The WVC is a Las Vegas-based 501(c)3 nonprofit organization that has been providing comprehensive, progressive and practical continuing education to veterinary professionals since 1928. Prior to their name change in 2014, the WVC was known as the Western Veterinary Conference. Since that time the group has expanded its physical presence and extended surgical training to medical doctors across the globe.
In 2009, WVC opened the Oquendo Center at the corner of Eastern Avenue and Oquendo Road across from McCarran International Airport. The 66,000-square-foot facility includes a 190-seat theater, flexible meeting space accommodating various capacities, and clinical and diagnostic laboratories. In 2016, more than 3.500 people attended a veterinary course and expansion is underway to increase the campus size to more than 134,000 square feet by 2019.
Since its opening, the Oquendo Center has hosted over 1,000 veterinary and human medical events, training over 23,000 veterinary professionals and nearly 24,000 medical doctors and surgeons. Participants in Oquendo Center courses experience a variety of learning styles from hands-on labs and lectures to professional and career development workshops; as well as networking functions and special events.
The technologically advanced WVC also provides access to an online community forum where participants can exchange ideas, network and increase industry knowledge through shared experiences. With 36,000 opt-in subscribers, the community forum continues to build momentum.
Each year, the Dr. Jack Walther Leadership Award is given to 33 doctor of veterinary medicine students and two veterinary technician students who are actively involved in their school and show long-term leadership potential.
Nearly 500 students have received the $1,000 award along with complimentary registration, lodging, airfare and a daily stipend to attend the WVC Annual Conference.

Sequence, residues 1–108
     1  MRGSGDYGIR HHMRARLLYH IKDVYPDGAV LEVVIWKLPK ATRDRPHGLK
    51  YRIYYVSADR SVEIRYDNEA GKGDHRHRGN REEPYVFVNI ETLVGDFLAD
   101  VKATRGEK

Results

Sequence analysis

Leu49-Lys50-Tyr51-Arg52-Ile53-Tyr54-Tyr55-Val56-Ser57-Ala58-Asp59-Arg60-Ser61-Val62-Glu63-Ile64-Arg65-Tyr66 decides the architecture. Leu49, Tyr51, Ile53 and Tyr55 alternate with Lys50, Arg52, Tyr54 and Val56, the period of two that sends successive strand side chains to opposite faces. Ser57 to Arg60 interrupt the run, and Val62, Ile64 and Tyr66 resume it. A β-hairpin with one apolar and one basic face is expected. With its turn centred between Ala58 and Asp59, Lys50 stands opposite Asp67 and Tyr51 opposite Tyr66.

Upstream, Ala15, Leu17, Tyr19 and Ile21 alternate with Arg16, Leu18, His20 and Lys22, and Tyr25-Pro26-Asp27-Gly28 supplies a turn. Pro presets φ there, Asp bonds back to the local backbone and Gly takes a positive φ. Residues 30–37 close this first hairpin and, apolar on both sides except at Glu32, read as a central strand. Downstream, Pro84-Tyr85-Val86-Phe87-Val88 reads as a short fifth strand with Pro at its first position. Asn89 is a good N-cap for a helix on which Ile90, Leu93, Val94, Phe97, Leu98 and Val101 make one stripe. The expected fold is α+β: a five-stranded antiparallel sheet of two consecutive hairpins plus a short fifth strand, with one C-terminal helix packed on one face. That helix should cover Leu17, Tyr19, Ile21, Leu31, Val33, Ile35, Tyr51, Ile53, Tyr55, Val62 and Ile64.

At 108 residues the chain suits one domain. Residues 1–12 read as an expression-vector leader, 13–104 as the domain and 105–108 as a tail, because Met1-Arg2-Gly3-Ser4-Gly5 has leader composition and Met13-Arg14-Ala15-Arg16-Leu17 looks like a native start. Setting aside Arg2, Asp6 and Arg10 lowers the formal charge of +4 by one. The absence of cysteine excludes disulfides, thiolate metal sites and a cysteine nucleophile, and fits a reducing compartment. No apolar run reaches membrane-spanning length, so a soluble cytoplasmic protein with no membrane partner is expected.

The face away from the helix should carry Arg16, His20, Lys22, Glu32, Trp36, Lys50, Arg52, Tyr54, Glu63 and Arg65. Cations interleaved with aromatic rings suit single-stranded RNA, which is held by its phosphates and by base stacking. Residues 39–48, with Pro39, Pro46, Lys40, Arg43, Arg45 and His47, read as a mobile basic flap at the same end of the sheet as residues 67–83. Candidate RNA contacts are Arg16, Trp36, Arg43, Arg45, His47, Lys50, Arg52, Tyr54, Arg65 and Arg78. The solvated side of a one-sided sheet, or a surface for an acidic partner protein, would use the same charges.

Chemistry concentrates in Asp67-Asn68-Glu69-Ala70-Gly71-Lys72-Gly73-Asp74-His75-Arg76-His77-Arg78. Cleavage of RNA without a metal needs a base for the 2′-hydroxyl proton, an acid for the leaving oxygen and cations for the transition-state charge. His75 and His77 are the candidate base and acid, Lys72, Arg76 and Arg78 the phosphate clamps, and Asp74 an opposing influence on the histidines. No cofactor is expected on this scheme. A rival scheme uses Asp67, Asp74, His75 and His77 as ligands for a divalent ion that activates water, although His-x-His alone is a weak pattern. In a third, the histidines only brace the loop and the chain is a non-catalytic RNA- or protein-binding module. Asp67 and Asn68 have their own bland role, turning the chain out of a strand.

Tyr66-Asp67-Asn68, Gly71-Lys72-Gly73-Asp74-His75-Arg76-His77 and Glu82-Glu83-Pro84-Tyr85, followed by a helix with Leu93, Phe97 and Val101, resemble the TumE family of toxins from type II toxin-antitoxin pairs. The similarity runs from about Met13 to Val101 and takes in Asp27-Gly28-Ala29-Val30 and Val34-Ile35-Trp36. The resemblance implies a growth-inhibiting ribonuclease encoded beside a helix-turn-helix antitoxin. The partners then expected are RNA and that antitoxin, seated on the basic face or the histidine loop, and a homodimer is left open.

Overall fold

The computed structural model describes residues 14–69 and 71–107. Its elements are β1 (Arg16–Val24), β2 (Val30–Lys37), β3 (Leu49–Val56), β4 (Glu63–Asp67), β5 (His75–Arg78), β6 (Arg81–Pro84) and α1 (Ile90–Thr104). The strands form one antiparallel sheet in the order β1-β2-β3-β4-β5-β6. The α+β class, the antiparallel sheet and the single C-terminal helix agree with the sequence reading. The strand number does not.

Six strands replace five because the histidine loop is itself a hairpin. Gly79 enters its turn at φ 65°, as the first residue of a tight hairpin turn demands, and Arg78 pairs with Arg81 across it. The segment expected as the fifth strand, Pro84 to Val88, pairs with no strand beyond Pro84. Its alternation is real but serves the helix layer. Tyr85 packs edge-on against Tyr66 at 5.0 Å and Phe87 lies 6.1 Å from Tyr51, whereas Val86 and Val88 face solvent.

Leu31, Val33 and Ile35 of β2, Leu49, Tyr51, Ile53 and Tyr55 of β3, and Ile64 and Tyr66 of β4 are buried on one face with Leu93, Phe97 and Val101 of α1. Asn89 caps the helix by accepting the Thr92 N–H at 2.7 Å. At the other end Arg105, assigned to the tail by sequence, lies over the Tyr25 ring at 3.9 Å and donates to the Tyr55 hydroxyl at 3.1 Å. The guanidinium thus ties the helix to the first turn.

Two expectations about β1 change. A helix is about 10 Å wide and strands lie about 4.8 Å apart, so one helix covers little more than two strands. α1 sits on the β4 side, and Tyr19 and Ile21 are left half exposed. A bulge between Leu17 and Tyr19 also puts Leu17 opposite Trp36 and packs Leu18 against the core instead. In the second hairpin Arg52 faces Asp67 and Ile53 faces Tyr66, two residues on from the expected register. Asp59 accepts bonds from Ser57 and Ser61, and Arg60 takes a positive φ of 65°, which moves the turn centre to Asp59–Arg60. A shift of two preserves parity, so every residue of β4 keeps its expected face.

While most people think about veterinary medicine in connection with their pets, The Dr. W. Bruce Wren Food Animal Incentive Award offered by WVC, recognizes five graduates from veterinary colleges/schools who enter the food animal practice or other careers directly related to food animal practice. These veterinarians are responsible for the health of animals that provide a food source for humans. Award recipients are interns or first-year residents in theriogenology (the study of reproduction), production medicine or food animal medicine/surgery with a training program recognized by The American Association of Veterinary Clinicians.
In addition to ongoing studies, the WVC Annual Conference, now in its 89th year, hosts one of the largest gatherings of veterinary professionals.
In 2016, nearly 15,000 participants from the 50 states as well as 43 countries spanning six continents converged at the Mandalay Bay Convention Center. Attendees were able to choose from more than 1,000 continuing education hours in avian and exotics, equine, food animal, practice management, small animal and veterinary technician. When surveyed, 85 percent of the participants said they are “extremely likely” or “likely” to recommend the WVC Annual Conference to a colleague.
Because of the history and success of the WVC Annual Conference, it was chosen by CadmiumCD to launch eventScribe Boost, an “enhanced meeting planning application” during the 2016 event. The eventScribe App allows meeting planners, speakers or vendors to log in and view conference information that is related to their specific role.
The WVC also is very involved with the Las Vegas community and provides a variety of resources, supplies and staff time in support of local charities.
Since 2014, the WVC has worked with the Desert Tortoise Group to help control the domesticated tortoise population in Nevada, providing health checks, microchipping, tagging and sterilization procedures.
The staff participates in a variety of programs to donate gifts and food to local schoolchildren and military personnel and their K-9 colleagues, stationed overseas. They also have participated in the Three Square program that seeks to meet the needs of almost 300,000 food-insecure people in the area.
The Oquendo Center staff works closely with local animal shelters and ensure that all animals are properly sterilized, health-checked and, in some cases, socialized for a better chance of adoption. Facility space is donated to nonprofit groups such as K-9 Medic, when the center is not booked for other courses. The Oquendo Center staff also volunteers its own time to community vaccination events in low-income areas.